Owning a PC is supposed to save you time, at least in theory: the computer takes over the simple, repetitive tasks, leaving you to get on with more important matters. But in practice, it doesn't always work out that way.
Many PC users follow the same routine every day, running the same sequence of programs, issuing the same keystrokes and performing the same tedious maintenance tasks, step by laborious manual step. Sound familiar? Then you need a way to automate these processes, making your PC life a little easier.
A scripting language that's more powerful than batch files, yet remains simple and accessible to everyone, expert and novice alike. A free tool that can run programs and simulate keypresses and mouse clicks to take the manual hassles out of just about any tedious task, and all in simple EXE files that you can share with others – no bulky runtime environment required. You need AutoIt, one of the best free PC automation tools around.
AutoIt scripts start life as simple text files with AU3 extensions, and the easiest way to build them is with the SciTE Script Editor that comes bundled with the package. It understands the AutoIt language, so if you type RU, for example, then it'll display the first AutoIt function that begins with those letters: Run, which is used to launch programs.
Press [Tab] and it'll enter that function for you, then add a parenthesis – Run( – and it'll display information on the function options, and how they should be used. (See the online documentation if you need more details.)
At first glance these functions can seem very complicated. The full syntax of the Run command, for instance, looks something like:
$PID = Run( "program" [, "workingdir" [, show_flag[, opt_flag ]]] )
You can specify the program you want to run, its working directory and its window type (hidden, maximised, minimised), as well as low-level details regarding your STDIN, STDERR and STDOUT streams, returning the process identifier as a result. Gulp.
Don't panic, though. Everything but the program name is totally optional, so in fact launching a program can be as simple as typing:
If the executable isn't in the current Windows path then you'll need to tell Windows exactly where to find it. That's easy, too – just type in the following for Office:
Run("C:\Program Files\Microsoft Office\Office12\Winword.exe")
It's actually really simple, then, although maybe not suitable for every occasion.
The Run command simply launches a program and moves on to the next line of your script, so if you've specified five programs in a row then they'll all launch almost simultaneously, which may not be what you want.
If you want to launch Notepad and then launch a back-up tool to save your work after Notepad has finished, you might use a sequence such as this:
The RunWait function launches a process, then waits until that process has closed before continuing. This ensures that your chosen programs appear in sequence rather than all at once.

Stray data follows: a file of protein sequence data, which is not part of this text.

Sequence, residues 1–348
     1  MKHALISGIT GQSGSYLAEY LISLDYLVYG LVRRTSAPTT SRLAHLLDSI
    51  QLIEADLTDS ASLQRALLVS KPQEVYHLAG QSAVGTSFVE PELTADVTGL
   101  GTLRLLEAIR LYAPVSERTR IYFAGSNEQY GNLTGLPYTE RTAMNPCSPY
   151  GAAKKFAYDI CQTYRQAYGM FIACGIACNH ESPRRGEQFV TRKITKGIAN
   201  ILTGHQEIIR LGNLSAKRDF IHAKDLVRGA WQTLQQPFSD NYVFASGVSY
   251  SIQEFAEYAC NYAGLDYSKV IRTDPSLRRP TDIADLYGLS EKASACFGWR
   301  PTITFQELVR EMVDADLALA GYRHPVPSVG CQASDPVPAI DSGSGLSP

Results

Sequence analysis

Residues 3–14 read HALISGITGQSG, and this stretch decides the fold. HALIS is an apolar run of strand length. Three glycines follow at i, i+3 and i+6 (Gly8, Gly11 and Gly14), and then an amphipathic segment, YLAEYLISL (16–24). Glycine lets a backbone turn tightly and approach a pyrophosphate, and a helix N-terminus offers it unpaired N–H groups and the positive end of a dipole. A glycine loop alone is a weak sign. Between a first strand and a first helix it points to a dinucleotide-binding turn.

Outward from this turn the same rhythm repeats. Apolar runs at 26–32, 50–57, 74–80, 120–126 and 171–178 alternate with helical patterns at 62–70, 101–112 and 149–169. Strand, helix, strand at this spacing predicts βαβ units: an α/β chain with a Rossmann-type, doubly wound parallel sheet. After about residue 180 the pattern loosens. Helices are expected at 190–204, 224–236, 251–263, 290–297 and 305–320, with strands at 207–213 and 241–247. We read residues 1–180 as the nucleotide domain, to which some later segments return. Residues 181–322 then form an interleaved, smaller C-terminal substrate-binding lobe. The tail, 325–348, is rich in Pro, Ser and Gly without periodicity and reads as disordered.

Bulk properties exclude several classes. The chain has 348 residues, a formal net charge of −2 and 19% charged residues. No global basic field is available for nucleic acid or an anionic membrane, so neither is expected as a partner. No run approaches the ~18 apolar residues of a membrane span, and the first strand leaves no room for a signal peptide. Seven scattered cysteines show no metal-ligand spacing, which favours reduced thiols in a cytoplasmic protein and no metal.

Once you start having a go at this kind of scripting, all sorts of possibilities appear. If you've ever used the excellent hard drive cleanup tool CCleaner, for instance, then you'll know that you normally have to launch it manually, choose your options, click 'Run cleaner', confirm that you really want to delete files and so on. It's not all that difficult, but there are a few time-consuming processes involved.
However, if you launch CCleaner.exe with the /AUTO command-line switch by typing in Run("CCleaner.exe /AUTO") then the program simply runs with its current settings, without bothering you with any prompts or questions. It just beavers away on its own, doing its work invisibly in the background.
Once you know about that, you can construct another AutoIt script to take advantage of this handy feature:
RunWait("C:\Program Files\Mozilla Firefox\Firefox.exe")
Launch Firefox from this script, and every time you close the browser it'll automatically invoke CCleaner to clear your internet tracks. That's convenient, but we can go one better. Consider the following:
The WinWait command tells the script to pause until it finds a window with 'Firefox' in its title (WinTitleMatchMode in the first line defines how that search is performed). WinWaitClose pauses the script until that window is closed, then launches CCleaner.exe.
On hitting the Wend statement, it checks that the variable $DoForever is still 1, then loops back to the WinWait statement and pauses again until a Firefox window appears.
You could leave this script running all the time – once compiled it can consume as little as 2.5MB of RAM. It will detect when you've finished a Firefox session, then automatically run CCleaner to clean up, with no manual steps involved at all. (Use the AutoIt system tray icon to pause or close the script if you no longer need it.)
The script is easily customisable – just change 'Firefox' to Chrome to detect Chrome browser windows, say – and the principle could be applied to many other situations, essentially any time you want to run a program automatically when another one has finished.